How can Professional Athletes going broke help me?
It’s no big secret that the majority of professional athletes are terrible at maintaining their wealth. There has been plenty of coverage on it in the media over the last few years. In April 2012 ESPN aired a documentary called Broke. The documentary interviewed multiple athletes, managers, analysts and numerous others from a variety of pro sports about the financial difficulties athletes face throughout their lives. Sports Illustrated also posted a popular article in 2009, How (and Why) Athletes go broke and more recently this topic was revisited by NPR.org and The Players Tribune. All of these provide reasons on how and why athletes go broke.
That’s definitely interesting information, how can this help me?
Well that’s what I’m here to help you out with. There’s tons of information (linked above) and the documentary is interesting as well, but they’ll all take time to read and watch. So here’s my take on five things we can learn from pro athletes going broke. Read more
As you may have noticed in my Q1 2015 Net worth summary, I had a lot of cash sitting around not working for me. With the Alberta housing market looking like it was on a downward spiral, I didn’t want to buy there just yet. So I decided to look into a rental property.
In February 2015 I was looking at mls.ca like I normally do. I have the tendency to surf MLS at least once a month looking at the prices of homes in all of the areas I’ve lived in. It’s only 4 different areas so it doesn’t take that much time. I don’t know why exactly I do this, mostly just from to feed my interest in homes I think.
This one particular time I was looking at places in Cape Breton, Nova Scotia. It’s where I’m from and where a lot of friends and family still live. If there were opportunities like there are in Alberta, I would think about moving back, but until that time, it doesn’t fit into my financial plans. Or at least that’s what I thought.
This article “A house-poor couple confronts a looming cash crunch” was posted in the Globe and Mail on May 11, 2015. It got a lot of attention on their facebook page and /r/personalfinancecanada on reddit. A lot of redditors and Globe readers feel no sympathy for this couple and think it’s nothing but greed that has gotten them to this point.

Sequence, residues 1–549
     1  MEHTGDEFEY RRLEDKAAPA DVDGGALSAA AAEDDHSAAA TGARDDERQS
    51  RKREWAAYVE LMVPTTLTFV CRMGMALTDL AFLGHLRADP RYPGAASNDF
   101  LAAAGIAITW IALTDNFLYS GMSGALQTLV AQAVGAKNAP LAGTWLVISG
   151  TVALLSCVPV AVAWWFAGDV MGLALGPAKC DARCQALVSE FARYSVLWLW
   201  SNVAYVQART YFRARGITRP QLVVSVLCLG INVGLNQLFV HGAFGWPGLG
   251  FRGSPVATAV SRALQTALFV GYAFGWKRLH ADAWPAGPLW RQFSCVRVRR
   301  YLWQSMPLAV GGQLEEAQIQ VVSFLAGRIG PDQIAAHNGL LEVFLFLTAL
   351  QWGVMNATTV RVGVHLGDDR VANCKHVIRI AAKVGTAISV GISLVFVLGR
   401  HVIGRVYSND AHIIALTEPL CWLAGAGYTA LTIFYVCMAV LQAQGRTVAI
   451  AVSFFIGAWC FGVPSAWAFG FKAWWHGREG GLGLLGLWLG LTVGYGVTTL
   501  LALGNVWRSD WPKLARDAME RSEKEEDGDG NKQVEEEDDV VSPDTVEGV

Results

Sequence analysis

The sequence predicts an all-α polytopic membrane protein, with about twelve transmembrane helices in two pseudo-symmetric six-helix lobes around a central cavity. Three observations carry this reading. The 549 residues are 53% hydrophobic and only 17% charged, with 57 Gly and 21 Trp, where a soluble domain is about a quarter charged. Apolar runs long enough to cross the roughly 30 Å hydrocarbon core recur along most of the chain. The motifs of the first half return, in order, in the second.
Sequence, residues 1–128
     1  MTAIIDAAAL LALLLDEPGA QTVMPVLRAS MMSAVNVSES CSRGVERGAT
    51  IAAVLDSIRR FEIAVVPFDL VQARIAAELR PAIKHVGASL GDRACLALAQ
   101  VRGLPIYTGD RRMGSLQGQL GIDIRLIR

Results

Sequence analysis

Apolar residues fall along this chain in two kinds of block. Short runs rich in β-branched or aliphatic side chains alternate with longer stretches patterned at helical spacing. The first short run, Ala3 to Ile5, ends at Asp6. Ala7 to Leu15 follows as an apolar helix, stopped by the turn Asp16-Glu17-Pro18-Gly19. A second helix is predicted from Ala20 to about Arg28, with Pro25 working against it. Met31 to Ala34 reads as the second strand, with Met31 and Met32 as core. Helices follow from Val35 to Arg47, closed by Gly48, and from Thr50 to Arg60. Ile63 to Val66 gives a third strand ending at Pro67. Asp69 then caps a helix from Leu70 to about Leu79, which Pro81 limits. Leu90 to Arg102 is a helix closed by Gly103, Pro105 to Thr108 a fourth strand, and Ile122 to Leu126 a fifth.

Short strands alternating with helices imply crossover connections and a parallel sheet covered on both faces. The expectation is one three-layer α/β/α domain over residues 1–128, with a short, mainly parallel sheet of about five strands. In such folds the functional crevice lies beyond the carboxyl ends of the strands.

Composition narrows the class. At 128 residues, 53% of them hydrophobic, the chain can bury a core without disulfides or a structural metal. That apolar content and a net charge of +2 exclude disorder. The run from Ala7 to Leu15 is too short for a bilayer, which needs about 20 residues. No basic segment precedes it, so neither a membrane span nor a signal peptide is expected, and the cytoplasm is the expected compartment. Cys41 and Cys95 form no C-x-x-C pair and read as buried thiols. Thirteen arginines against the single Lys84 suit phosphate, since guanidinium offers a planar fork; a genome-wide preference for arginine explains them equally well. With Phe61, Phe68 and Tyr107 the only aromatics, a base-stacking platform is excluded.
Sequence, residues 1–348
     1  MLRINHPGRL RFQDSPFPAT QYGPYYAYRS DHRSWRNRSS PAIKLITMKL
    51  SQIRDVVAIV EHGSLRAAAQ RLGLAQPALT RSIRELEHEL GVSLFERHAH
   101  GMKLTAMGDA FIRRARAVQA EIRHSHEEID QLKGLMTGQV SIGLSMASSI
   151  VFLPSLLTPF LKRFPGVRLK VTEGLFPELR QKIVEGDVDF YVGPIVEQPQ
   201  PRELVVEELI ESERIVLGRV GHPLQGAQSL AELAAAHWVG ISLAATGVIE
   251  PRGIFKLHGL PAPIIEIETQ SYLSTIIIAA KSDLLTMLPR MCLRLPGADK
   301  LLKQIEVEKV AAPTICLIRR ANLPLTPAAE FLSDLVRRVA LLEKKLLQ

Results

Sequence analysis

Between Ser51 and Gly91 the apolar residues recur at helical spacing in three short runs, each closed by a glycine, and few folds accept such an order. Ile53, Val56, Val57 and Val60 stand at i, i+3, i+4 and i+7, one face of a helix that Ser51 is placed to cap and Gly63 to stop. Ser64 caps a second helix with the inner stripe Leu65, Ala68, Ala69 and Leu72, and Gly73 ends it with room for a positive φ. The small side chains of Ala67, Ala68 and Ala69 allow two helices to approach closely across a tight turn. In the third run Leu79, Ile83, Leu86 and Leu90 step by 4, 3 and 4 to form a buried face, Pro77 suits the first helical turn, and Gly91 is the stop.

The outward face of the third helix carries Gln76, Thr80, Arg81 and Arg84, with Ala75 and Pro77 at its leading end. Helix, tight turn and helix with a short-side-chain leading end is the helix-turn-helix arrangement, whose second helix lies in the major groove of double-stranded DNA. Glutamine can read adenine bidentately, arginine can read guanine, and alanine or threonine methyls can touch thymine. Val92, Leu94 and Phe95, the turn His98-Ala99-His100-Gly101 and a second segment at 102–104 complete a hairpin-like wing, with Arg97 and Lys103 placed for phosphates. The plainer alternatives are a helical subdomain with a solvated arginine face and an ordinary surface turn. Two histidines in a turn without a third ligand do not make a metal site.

It’s extremely hard to feel sorry for this couple even as you start to read the article. Sure maybe by the end of the first paragraph you might be thinking Oh no, a new baby on the way and they won’t be able to afford it! Until you get to the second paragraph and realize that they have a combined income of 128,000 dollars a year and that they purchased a 747,000 dollar home just four years earlier. That’s 5.83 times their gross salary!
Should you invest in your employer? They’re already paying your salary in return for your hard work and time. Why would you invest in your employer with your own money that they just paid you? What are the advantages or disadvantages of investing in your employer?
Whoa, let’s slow this down for a minute and maybe start somewhere else…
How can you start investing in your employer?
There are a few different ways you can get started investing in your employer. Below I’ll discuss a few options I’m familiar with and how they work:
If you haven’t heard already, the new 2015 budget was released last Tuesday April 21st, 2015 and it has a HUGE contribution increase to TFSAs (or Tax Free Savings Accounts, for those not aware of them). We’re talking a 82% increase to our 2015 contribution room. This brings the 2015 contribution room to 10,000 dollars, which is effective immediately!
Financial freedom or financial independence, it goes by many names but I think the one that people think they know it best by is Retirement. Retirement by definition is the act of leaving one’s job and ceasing to work. Most people tend to retire in their later years around 65. This is usually when their pensions mature and old age security or whatever financial programs they have in place are able to be taken advantage of. But is retirement financial freedom? If you could retire earlier, would you?
In my opinion financial freedom is not retirement, it’s the ability to not depend on the pay cheque from a regular job to maintain your desired lifestyle. People seem to want to make Financial Freedom and retirement the same, but they are two different things.
If you haven’t read how about my journey to buy this house, you can check it out here – My first house – Buying in a Boomtown
Towards the end of March in 2014 I received some great news at work in the form of a promotion. Fantastic! It came with a nice pay bump, new responsibilities and it also came with a transfer to a different site for a new project. This was a camp only fly-in and fly-out site. Not so fantastic! As you know I had just taken possession of my house just five short months earlier. Now I need to rent it completely, not just the one room.
This transfer took effect immediately. I would be in a camp an hour north of town and would be flying out of an airstrip on one of the work sites. I wouldn’t even have the chance to drop by on my way to the airport to show the house to prospective renters, nor would I be available to deal with any issues that may arise from the renters. My only option was to find a Rental Management company ASAP! Read more
Here’s my starting point for tracking my financial journey of increasing my net worth to a point where I can say I’m financially free. I’m actually many years into the journey already, but there are a lot of improvements to make over the next few years. I’m going make quarterly updates for us to see and discuss my progress on becoming financially independent.